Fusion Will Lay Off Employees, Use Shows Based on Former Gawker Assets

Brian Steinberg
Variety

Univision’s upstart Fusion cable network has become known for featuring journalist Jorge Ramos. In the not too distant future, however, the TV outlet may get a boost from tapping into a group of names better known online: The Onion, Gizmodo and Jezebel among them.

Univision is primed to lay off staffers at Fusion, even as it prepares to use the assets of Gawker Media it acquired earlier this year, after taking a minority stake in comedy-news site The Onion, and purchasing African-American news site The Root in 2015. The company  is eager to make the various parts of an assemblage it calls its Fusion Media Group work better together. In 2017, said Danny Eilemberg, president and chief content officer for Fusion, the company intends to make the various digital sites a more important part of its cable-TV network.

“We now have a portfolio of 11 very strong digital brands, and I think if you look around the industry in general, there’s a move by digital brands to try to break into television,” said Eilemberg, in an interview. “We can bring these two things together in a very unique way.” Univision in August took control of the Gawker Media assets – now known as Gizmodo Media Group – as part of a court-administered bankruptcy auction that took place in the wake of a lawsuit leveled at Gawker after it posted a sex tape featuring professional wrestler Hulk Hogan. Univision bid $135 million for the assets and shut down Gawker.com, the flagship site, after completing the purchase.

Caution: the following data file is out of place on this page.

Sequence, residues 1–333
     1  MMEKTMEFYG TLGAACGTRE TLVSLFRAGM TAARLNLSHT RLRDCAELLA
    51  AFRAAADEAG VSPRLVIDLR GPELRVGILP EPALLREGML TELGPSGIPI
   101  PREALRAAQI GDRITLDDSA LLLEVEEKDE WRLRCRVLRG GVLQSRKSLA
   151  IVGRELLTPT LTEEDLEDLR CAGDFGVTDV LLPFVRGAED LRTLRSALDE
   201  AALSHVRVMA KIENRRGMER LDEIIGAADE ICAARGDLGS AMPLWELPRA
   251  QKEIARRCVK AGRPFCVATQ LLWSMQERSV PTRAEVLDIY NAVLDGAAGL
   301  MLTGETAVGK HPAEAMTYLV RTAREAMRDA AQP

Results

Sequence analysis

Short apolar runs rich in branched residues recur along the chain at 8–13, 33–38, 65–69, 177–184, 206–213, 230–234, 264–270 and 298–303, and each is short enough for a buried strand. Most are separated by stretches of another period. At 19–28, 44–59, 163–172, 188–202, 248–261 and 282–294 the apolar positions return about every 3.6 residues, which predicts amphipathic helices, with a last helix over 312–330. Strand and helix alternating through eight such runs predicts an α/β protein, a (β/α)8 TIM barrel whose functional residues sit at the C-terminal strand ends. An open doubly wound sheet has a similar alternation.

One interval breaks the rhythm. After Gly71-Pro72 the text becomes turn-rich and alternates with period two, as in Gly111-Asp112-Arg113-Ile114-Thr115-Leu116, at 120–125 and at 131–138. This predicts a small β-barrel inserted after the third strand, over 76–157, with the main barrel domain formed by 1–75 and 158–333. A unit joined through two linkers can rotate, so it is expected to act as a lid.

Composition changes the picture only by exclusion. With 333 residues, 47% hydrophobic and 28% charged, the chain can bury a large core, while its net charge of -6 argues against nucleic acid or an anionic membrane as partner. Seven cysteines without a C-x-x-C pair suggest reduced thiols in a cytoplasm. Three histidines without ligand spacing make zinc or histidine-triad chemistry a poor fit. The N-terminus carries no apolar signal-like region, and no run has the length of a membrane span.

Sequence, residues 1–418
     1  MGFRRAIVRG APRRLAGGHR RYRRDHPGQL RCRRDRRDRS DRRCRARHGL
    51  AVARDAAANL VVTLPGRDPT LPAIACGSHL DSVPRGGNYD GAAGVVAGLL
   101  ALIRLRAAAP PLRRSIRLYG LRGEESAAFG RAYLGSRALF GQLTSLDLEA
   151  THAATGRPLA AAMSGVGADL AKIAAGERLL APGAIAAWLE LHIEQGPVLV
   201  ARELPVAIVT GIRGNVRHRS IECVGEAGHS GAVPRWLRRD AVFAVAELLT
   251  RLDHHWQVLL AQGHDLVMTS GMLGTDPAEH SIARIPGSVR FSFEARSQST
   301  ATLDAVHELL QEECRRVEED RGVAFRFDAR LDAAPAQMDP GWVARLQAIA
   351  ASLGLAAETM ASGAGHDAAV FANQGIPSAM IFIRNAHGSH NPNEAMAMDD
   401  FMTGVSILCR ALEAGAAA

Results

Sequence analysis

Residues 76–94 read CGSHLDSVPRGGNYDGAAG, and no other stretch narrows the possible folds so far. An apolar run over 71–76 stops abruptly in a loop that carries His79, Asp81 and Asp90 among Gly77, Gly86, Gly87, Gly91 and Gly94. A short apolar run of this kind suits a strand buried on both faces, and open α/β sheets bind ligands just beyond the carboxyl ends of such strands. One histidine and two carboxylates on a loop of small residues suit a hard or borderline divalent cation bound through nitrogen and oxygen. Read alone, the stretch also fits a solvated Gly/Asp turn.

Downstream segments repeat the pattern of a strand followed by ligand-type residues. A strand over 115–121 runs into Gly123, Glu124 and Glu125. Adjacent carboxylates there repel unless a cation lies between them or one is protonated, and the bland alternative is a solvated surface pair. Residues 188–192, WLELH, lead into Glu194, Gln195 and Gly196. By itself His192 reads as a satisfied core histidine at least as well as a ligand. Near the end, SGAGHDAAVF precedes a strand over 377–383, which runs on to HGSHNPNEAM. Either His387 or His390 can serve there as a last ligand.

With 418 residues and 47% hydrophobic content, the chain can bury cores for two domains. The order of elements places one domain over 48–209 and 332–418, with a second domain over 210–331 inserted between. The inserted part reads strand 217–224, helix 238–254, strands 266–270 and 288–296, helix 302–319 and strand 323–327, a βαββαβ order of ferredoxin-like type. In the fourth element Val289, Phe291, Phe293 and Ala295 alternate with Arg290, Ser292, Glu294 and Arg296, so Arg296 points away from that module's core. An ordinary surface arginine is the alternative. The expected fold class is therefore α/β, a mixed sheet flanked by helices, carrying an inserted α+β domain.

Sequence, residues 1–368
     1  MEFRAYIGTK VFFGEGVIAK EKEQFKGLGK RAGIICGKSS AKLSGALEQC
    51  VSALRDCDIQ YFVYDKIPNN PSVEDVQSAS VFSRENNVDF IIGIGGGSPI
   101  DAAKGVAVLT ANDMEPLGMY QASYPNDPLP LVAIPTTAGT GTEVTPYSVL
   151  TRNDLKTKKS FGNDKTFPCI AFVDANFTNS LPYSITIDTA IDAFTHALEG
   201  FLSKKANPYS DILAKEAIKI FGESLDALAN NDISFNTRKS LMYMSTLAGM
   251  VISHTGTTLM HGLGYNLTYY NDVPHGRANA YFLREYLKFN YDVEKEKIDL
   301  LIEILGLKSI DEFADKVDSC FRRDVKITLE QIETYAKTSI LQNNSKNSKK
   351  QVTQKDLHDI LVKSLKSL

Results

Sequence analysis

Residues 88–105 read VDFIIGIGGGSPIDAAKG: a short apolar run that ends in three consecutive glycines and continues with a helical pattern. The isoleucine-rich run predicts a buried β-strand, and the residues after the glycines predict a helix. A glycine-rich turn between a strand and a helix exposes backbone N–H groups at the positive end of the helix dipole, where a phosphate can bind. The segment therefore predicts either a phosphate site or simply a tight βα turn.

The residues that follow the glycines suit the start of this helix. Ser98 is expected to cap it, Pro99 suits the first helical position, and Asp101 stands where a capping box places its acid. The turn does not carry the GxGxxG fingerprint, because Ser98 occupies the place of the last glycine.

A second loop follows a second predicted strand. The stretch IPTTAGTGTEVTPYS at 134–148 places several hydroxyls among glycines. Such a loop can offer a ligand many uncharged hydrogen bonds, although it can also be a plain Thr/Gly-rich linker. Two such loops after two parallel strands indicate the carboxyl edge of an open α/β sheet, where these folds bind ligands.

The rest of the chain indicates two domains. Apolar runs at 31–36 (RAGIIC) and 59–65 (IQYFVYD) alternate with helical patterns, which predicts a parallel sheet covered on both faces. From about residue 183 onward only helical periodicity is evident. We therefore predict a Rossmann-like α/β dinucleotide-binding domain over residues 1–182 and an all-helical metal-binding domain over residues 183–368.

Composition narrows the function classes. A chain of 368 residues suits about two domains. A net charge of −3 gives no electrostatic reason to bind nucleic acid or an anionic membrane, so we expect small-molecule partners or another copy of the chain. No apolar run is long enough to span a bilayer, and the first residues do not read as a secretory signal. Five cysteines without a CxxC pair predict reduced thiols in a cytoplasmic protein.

He declined to speak about employee layoffs in an interview on Tuesday. The Washington Post on Wednesday said Univision planned to lay off between 200 and 250 people, many of them at Fusion’s digital operations, in response to challenging economics.

Expect executives at the Fusion cable network to expand its programming by creating concepts around its various digital brands, whether they be car-news site Jalopnik; sports-focused Deadspin or productivity-news site Lifehacker. The hope is that digital-media fans of the various brands will follow them to TV.  Univision’s maneuver follows others who have made smilar moves: NBCUniversal has experimented with the idea of creating programming based on Vox Media and Buzzfeed, two digital outlets in which it has investments. A+E Networks co-owns the Viceland cable network with Vice Media, and the outlet serves as a TV home for Vice content.

Fusion has already made a few small steps in this direction, working with The Onion to develop a program based on its pop-culture and reviews site The A.V. Club.

The company also intends to expand the use of streaming video on its various sites, said Eilemberg, adding more of it at each of the digital outlets.  “There are a lot of opportunities that we think are going to come next year in the digital-video space,” he noted. By utilizing all the new sites under its umbrella, he added, Fusion Media can build scale that ought to be more attractive to advertisers.

 

 

 

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